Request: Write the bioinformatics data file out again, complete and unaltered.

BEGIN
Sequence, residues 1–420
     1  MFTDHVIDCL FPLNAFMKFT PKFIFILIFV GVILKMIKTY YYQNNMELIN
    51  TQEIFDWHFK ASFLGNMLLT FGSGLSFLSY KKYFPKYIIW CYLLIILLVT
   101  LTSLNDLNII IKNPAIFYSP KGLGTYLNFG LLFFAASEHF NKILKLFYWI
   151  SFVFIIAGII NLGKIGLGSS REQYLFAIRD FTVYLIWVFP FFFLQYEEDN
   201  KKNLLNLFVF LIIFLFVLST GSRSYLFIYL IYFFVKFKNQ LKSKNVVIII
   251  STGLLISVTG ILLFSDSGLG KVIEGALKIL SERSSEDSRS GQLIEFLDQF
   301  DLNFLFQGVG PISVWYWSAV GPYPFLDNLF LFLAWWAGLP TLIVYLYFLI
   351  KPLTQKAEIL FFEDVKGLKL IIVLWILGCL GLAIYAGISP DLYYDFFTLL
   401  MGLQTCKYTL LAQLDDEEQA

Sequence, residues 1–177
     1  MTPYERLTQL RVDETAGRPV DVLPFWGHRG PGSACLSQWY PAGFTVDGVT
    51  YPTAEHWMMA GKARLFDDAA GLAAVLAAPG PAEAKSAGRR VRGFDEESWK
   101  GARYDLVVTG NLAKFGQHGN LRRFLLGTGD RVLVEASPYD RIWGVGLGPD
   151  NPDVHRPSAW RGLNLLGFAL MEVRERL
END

Sequence, residues 1–420
     1  MFTDHVIDCL FPLNAFMKFT PKFIFILIFV GVILKMIKTY YYQNNMELIN
    51  TQEIFDWHFK ASFLGNMLLT FGSGLSFLSY KKYFPKYIIW CYLLIILLVT
   101  LTSLNDLNII IKNPAIFYSP KGLGTYLNFG LLFFAASEHF NKILKLFYWI
   151  SFVFIIAGII NLGKIGLGSS REQYLFAIRD FTVYLIWVFP FFFLQYEEDN
   201  KKNLLNLFVF LIIFLFVLST GSRSYLFIYL IYFFVKFKNQ LKSKNVVIII
   251  STGLLISVTG ILLFSDSGLG KVIEGALKIL SERSSEDSRS GQLIEFLDQF
   301  DLNFLFQGVG PISVWYWSAV GPYPFLDNLF LFLAWWAGLP TLIVYLYFLI
   351  KPLTQKAEIL FFEDVKGLKL IIVLWILGCL GLAIYAGISP DLYYDFFTLL
   401  MGLQTCKYTL LAQLDDEEQA

Sequence, residues 1–177
     1  MTPYERLTQL RVDETAGRPV DVLPFWGHRG PGSACLSQWY PAGFTVDGVT
    51  YPTAEHWMMA GKARLFDDAA GLAAVLAAPG PAEAKSAGRR VRGFDEESWK
   101  GARYDLVVTG NLAKFGQHGN LRRFLLGTGD RVLVEASPYD RIWGVGLGPD
   151  NPDVHRPSAW RGLNLLGFAL MEVRERL